The Shilton version was supremely impressive. Light and filled with earthy truffle alongside creamy butter, it was demolished quicker than I could think ‘Would you sell me a packet of those so that I can score maximum brownie points by taking them home for She Who Must Be Obeyed’. It was absolutely delicious.
The first course was also sublime. A Jerusalem artichoke number featured small artichoke crisps, a filling, well-seasoned veloute, a robust disc of cheddar and fabulously fragrant thyme. The flavours were exceptional, the presentation delightful and I polished it off in under a minute.
A small blade of wagyu beef served with parsley, capers and apple was utterly magnificent. The beef was meltingly tender and the acidity of small pieces of lightly pickled onion, sharp but sweet apple, tangy, floral capers and mild parsley made for good eating. The wagyu was exceptional. It had been cooked over a period of time, so that the fat had rendered out and left the meat sufficiently soft to break beneath the fork, then seared to give it a caramelised outside. Good work chef.
Chinese chicken followed, featuring five-year-old soy, a truffled one-bit yuk sung and a tiny bowl of mushroom/noodle soup. It was a flavourbomb of maximum proportions that exploded with a mighty umami hit. The yuk sung was a clever idea and the broth was dreamy; a warm, comforting blanket of flavour that brightened a dark winter night.
Cornish mackerel with passion fruit and garlic flattered to deceive. The passion fruit teriyaki overwhelmed the fish somewhat and a simpler version – cevice, perhaps – might have worked better. It was the only underwhelming dish of the evening.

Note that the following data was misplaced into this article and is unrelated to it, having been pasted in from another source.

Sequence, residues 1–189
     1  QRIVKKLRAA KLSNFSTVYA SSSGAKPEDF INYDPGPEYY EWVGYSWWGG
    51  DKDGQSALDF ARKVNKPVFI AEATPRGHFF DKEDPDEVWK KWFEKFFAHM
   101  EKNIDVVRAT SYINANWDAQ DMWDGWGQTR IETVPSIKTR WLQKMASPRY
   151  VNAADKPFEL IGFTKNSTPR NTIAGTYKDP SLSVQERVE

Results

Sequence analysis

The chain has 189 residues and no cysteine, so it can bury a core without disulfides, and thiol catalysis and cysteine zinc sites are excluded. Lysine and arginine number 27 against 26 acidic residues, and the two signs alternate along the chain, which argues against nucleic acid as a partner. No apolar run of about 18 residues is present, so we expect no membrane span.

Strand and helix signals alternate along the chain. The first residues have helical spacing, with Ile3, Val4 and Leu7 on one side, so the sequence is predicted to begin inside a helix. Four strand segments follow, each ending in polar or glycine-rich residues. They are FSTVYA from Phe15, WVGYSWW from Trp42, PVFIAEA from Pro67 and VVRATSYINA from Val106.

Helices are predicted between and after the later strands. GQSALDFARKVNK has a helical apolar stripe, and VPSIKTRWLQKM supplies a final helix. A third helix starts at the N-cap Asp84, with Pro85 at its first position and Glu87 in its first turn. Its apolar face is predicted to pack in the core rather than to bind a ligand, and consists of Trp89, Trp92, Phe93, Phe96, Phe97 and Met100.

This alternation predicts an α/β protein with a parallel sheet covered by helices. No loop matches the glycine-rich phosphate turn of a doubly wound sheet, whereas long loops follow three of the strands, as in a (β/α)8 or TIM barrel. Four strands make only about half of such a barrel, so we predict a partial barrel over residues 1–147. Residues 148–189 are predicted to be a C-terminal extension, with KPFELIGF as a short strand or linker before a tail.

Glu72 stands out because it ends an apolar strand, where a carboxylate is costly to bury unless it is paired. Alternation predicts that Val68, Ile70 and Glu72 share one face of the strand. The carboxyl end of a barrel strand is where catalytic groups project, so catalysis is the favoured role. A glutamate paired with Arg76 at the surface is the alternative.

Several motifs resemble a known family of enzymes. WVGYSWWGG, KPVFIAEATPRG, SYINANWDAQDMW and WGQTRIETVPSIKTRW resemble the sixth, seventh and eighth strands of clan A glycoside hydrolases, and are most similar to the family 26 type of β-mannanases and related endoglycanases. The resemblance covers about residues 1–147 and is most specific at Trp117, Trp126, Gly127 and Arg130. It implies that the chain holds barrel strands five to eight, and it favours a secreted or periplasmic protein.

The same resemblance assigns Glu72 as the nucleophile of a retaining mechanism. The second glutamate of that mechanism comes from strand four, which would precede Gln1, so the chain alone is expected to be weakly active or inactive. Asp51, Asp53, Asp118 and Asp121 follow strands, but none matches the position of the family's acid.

A main of venison with squash, raisin and the merest hint of chilli was sublime; the sort of dish that wins awards from guide books. A fillet was seasoned, seared, rested and served perfectly pink. Shoulder was served alongside, slow-cooked and broken down. Pumpkin seeds added crunch, raisins added sweet and the almost imperceptible hint of chilli added heat at the end of the dish. It was truly magnificent, a stand-out dish along with the wagyu and apple.
A small and unnecessary sorbet followed. Mint and buttermilk cleansed the palate, though seemed somehow superfluous. Then came a majestic pudding of Yorkshire rhubarb with a dill sorbet and white chocolate mousse. The flavours were harmonious with the aromatic dill perfectly matched with the sweet mousse and sharp early season rhubarb.
And as I settled the bill, noting that they’d not charged for the Chinese chicken, I received a final treat: a six-square bar of the kitchen’s chocolate with cumin wrapped in a small larder packet.
Service was exceptional throughout. A team of three, comprising a restaurant manager and two pleasant waiting staff, didn’t miss a beat and made all guests feel welcome.
Larder will probably rise to a 10 on our scoring system in due course and will presumably be aiming for a Good Food Guide score between four and six, over time. It is a brilliant, brilliant addition to the region’s dining scene. Our towns and cities are so much the better when they are filled with great restaurants – just look at the examples of Ludlow in Shropshire, or Birmingham – and it’s up to locals to investigate and help to make the town’s newest eaterie an unqualified success.